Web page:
Yes but its qualitatively different and “soulless” (his word). Civilization runs on the fumes and instincts of a race but the truly spirited vigor that once animated it is gone for good. Its a time for death, like old age.

        >The city is a persistent discussion point as the heart of the world soul
        The city is where the world-feeling of a race goes to die. The megalapolitan structure of cities force them into acts of “work” rather than acts of “deed.” Its a place of inertia and decay. Spengler hates Paul because he took the Gospel to the great big city of Rome where its essence would be lost.

        • 1 month ago
          Anonymous

          >Civilization runs on the fumes and instincts of a race but the truly spirited vigor that once animated it is gone for good.

          lol imagine unironically believing this

          "world feeling" ahahahhahahahahhahahahhaha holy shit I think feminists ought to start reading this drivel

          • 4 weeks ago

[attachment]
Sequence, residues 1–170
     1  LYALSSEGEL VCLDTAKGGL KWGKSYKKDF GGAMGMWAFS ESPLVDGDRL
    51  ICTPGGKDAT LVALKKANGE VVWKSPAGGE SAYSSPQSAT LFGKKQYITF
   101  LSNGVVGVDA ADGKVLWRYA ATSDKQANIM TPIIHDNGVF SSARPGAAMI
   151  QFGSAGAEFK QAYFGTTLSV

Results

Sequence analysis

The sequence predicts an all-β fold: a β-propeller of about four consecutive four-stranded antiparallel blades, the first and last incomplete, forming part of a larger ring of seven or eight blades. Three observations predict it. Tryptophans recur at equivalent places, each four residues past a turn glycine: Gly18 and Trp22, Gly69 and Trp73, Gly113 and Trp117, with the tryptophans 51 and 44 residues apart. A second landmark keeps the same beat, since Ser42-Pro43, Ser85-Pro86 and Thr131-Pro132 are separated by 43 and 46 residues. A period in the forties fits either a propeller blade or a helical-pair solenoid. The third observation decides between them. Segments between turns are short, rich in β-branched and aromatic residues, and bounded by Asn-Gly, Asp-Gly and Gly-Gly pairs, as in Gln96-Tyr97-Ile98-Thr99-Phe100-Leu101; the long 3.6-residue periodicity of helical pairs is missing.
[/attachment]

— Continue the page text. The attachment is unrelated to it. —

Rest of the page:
Anonymous

            ahahaha imagine being mad at science because it doesnt confirm your views on race. Sound a bit like a certain group who is mad at science because of gender? Idpol is moronic in every era and its proponents will never do more than project the insecurities they have over their own allegedly very very important identity

            yes. and your critique is in itself of course not an abstract rationalization himself. Imagine thinking you have the authority to tell someone when their being real, honest, sincere and soulful because they want to move from the city to a town ahahahhahahahhahhahaha

            Holy shit, all this talk about soul and feelings. Spenglerites should do what the other simps of the world do and go arrange a crystal field in their living room, work on their energy and vibrations a bit more.

            way too obvious, pay docked

    • 1 month ago
      Anonymous